Learn about the role of grids in layout and the naming of parts.
- [Tony] Now that you've grasped the basics of layout and composition, it's time for us to have a look at grids, which are an essential feature to give you a sense of proportion in the page and help you to build your layout. Let's have a look at some of the anatomical features you'll come across, the first of which is the margins, which gives you a way to position your main layout within the design space, but also some functional reasons as well. If you were working on a book or magazine, for example, you definitely need margins on the outside edges of the pages because that's where somebody would actually hold the page.
Columns can help you to divide up the horizontal space in a layout and gutters the space in-between those, give it a way to pace out those columns. Don't think that you have to stick content exactly within there. Like with everything else, these are just guides. Talking of guides, there's something else that can be introduced to space out your layout into different divisions of the page and you can add flow lines to those that give you a way to examine the way you're going to present content to the reader in a flow.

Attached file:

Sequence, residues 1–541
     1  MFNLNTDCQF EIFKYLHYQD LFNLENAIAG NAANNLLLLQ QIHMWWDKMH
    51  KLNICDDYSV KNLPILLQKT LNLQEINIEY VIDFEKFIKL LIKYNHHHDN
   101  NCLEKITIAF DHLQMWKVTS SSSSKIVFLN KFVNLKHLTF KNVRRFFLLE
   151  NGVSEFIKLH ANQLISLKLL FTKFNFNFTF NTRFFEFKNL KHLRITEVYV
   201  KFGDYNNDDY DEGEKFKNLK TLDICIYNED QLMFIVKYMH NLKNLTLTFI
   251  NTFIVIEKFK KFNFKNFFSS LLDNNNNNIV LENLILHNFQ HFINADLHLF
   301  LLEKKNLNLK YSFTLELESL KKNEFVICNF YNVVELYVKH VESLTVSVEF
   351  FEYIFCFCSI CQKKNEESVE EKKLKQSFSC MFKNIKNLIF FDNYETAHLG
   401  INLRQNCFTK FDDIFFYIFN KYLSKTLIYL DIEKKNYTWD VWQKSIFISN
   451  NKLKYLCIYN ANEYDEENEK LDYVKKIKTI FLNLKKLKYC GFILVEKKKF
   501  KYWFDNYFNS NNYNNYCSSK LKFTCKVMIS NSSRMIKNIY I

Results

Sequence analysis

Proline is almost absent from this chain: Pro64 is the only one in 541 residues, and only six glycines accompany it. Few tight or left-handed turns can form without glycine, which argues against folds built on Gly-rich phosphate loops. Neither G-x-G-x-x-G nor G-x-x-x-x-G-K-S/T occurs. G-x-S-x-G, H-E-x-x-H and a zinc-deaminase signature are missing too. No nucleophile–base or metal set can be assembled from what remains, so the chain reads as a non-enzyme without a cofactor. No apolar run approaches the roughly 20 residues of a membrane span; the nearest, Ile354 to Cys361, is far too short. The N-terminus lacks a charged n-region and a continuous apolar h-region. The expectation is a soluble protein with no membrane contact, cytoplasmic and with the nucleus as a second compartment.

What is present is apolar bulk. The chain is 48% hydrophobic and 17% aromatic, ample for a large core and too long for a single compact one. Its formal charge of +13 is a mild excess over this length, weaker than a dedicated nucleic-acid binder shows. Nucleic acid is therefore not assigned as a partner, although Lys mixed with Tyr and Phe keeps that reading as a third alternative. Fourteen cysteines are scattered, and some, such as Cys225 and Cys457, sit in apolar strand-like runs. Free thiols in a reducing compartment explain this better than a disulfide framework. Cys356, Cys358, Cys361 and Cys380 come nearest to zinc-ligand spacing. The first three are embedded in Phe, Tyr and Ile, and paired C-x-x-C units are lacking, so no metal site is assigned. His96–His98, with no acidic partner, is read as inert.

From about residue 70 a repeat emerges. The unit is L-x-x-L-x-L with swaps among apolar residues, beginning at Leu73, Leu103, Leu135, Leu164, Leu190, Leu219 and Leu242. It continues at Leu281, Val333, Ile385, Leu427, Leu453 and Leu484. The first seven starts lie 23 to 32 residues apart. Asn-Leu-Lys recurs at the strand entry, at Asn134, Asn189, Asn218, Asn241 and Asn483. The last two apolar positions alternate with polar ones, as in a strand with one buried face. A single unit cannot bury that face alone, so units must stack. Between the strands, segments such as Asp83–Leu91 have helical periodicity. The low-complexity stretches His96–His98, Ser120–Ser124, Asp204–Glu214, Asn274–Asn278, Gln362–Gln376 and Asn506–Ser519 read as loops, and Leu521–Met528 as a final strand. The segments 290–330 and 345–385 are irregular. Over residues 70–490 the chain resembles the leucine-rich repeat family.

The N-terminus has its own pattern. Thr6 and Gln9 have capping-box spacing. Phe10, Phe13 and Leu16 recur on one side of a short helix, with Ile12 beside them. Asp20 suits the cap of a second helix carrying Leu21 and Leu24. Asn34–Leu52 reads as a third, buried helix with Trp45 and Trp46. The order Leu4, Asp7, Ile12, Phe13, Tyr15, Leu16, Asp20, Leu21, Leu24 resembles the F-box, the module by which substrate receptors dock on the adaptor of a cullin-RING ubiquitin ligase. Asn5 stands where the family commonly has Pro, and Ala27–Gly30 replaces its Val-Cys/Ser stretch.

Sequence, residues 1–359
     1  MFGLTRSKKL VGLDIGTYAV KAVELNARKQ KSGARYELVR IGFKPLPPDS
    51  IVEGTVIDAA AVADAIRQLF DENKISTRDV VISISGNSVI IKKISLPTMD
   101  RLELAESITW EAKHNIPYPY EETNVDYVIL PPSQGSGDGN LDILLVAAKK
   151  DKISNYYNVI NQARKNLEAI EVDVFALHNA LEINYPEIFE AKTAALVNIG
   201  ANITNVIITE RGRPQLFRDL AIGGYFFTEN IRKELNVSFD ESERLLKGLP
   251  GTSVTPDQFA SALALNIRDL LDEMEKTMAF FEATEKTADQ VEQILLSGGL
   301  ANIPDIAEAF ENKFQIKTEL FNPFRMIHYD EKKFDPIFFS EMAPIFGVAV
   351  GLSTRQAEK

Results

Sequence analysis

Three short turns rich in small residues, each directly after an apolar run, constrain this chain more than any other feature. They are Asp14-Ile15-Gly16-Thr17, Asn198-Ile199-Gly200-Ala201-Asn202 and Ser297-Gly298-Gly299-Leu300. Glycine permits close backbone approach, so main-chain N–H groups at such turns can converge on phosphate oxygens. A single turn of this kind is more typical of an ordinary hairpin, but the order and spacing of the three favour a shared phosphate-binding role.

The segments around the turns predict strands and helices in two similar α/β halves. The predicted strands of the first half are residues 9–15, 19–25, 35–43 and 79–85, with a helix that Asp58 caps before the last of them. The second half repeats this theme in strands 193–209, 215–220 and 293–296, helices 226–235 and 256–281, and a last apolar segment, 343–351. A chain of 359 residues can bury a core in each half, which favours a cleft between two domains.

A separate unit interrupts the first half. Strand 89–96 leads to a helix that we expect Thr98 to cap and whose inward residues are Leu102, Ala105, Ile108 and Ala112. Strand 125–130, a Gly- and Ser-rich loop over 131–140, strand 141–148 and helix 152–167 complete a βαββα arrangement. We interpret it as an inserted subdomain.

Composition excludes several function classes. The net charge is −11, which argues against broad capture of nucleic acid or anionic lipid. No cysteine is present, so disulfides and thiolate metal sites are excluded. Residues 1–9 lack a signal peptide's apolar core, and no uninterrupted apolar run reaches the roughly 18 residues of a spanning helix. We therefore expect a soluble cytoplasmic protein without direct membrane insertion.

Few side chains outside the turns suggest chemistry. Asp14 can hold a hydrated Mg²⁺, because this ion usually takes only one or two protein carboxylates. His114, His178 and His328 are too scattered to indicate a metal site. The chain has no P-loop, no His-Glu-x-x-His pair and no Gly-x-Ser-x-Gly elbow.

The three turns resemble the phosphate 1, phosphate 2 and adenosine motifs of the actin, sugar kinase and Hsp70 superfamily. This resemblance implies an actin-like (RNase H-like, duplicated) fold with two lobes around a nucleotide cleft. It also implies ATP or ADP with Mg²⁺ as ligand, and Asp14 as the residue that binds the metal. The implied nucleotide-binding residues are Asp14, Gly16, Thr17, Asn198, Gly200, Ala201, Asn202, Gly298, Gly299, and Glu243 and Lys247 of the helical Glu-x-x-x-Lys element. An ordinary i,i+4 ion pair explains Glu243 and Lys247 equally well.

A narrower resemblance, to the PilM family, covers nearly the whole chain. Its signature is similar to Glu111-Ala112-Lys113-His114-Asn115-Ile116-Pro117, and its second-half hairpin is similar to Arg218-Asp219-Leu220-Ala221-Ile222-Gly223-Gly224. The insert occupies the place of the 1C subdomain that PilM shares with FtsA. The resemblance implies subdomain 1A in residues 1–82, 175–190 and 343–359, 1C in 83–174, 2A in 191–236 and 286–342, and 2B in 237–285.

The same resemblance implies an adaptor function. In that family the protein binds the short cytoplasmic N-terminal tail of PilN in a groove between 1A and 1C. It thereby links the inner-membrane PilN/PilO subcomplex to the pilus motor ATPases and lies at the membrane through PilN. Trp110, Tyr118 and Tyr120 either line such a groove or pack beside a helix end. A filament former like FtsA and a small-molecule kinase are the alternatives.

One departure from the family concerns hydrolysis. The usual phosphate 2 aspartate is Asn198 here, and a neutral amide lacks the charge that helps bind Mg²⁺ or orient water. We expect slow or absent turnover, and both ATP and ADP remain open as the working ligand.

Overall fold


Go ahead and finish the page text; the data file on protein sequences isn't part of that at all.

When you join those things together, what you end up with are sectors. The sectors can also be expanded out into visual spacing areas and somewhere that you're going to put particular kinds of content. For example, if this was a technical publication, I might have small annotations down one side just arbitrarily, but they can help you in any way to work out and make sense of where you're going to position elements.
Do use grids, they're there to help you, but remember what I said, they're a guide, not a strict rule set.
- The creative process
- Layout and composition
- Transforming images and assets in Photoshop
- Drawing logos in Illustrator
- Designing graphics and documents in InDesign
Skill Level Beginner
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1. The Creative Process
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